In 1984 Milošević committed to political life on a full-time basis, heading the local Communist Party organization in Belgrade. In 1986 he was elected president of the Serbian Politburo of the League of Communists, taking advantage of this post to militate for a Serbian agenda within the Yugoslav federation. In April 1987 he first caught the public eye by rallying support for the Serbian minority in Kosovo, and over the coming years he made the Serbian cause his political focus, overpowering opposition elements as Serbia annexed the autonomous regions of the Vojvodina and Kosovo in 1988 and cynically alienating the leadership of Croatia and Slovenia as the League of Communists disintegrated in January 1990.
After employing the Yugoslav Army to put down demonstrations in Belgrade that were prompted by his presidential victory in Serbia's first multiparty elections in December 1990, Milošević proclaimed on 9 March 1991 the Yugoslav federation to be in its "final agony." The secession of Slovenia and Croatia from the federation on 25 June 1991 prompted him to order armed intervention by the Serb-controlled Yugoslav Army. A European Community (EC) accord ended the fighting in Slovenia by 7 July 1991, but warfare persisted in Croatia until efforts by the EC and special United Nations (UN) envoy Cyrus Vance eventually halted hostilities there on 2 January 1992.
Following the Bosnian declaration of independence in March 1992, Serb forces soon began a campaign of ethnic cleansing along the Drina River, culminating with the eventual death or displacement of more than 50,000 non-Serbian Bosnians. The UN Security Council imposed economic sanctions on Serbia on 30 May 1992, and the following month, amid international outcry over his apparent sponsorship of war atrocities, Milošević declared that Serbia and Montenegro now constituted the new Federal Republic of Yugoslavia (FRY), a mere vestige of the former Yugoslavia. At the August 1992 London Conference on the Former Yugoslavia, Milošević and FRY Prime Minister Milan Panic disagreed over the latter's willingness to accept international criticism of ethnic cleansing and FRY's territorial claims to Serbian areas in neighboring lands. Milošević successfully rebuffed Panic's challenge in the December 1992 Serbian presidential election.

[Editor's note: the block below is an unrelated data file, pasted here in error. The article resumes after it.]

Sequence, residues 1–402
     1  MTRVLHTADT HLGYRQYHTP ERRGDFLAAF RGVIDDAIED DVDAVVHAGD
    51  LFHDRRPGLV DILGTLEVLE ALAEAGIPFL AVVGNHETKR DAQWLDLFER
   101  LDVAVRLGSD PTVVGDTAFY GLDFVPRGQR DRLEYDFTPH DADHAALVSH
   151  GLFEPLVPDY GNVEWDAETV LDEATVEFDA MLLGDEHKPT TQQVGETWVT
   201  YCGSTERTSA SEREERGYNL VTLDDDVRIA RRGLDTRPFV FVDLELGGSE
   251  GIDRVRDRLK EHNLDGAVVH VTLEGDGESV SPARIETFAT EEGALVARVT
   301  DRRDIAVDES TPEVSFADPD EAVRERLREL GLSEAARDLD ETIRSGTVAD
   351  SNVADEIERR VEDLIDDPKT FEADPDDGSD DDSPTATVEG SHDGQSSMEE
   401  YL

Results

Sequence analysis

After Bosnian Serbs demonstrated their noncompliance with the Vance-Owen and Contact Group peace plans espoused by Milošević, he instituted a blockade of the Bosnian Republika Srpska in August 1994. In July and August 1995, multiple Serbian and Croatian offensives precipitated the North Atlantic Treaty Organization (NATO) bombing of the Bosnian Serbs. A U.S.-led effort secured a cease-fire in September, and the war was ended by the November 1995 Dayton Peace Agreement in which Milošević was a visible and important player. Yet he had overestimated the degree to which trade and financial sanctions would be lifted. By the winter of 1996–1997, economic hardships endured by Serbia under selective continuing sanctions that blocked its entry into the UN and the World Bank provoked weeks of organized street protests against Milošević, and late 1997 Serbian-Albanian tensions in Kosovo flared into a renewed war of attrition by the summer of 1998. Reports of extensive ethnic cleansing campaigns again brought NATO bombing of Serbia in March 1999, and on 27 May Milošević was indicted by the International Criminal Tribunal for the former Yugoslavia (ICTY). In June 1999 Milošević acceded to the terms ending the latest war, which included a NATO presence in Kosovo.
In September 2000 Milošević lost the FRY presidential election to Vojislav Kostunica and on 6 October 2000 announced his departure from office. Milošević was arrested and detained by FRY authorities on 31 March 2001. Delivered to the ICTY in The Hague on 28 June 2001, he died of natural causes there on 11 March 2006 during his trial for war crimes committed in the killing fields of Croatia, Bosnia, and Kosovo.
Gordon E. Hogg
Kaufman, Stuart. Modern Hatreds: The Symbolic Politics of Ethnic War. Ithaca, NY: Cornell University Press, 2001.; Sell, Louis. Slobodan Milosevic and the Destruction of Yugoslavia. Durham, NC: Duke University Press, 2002.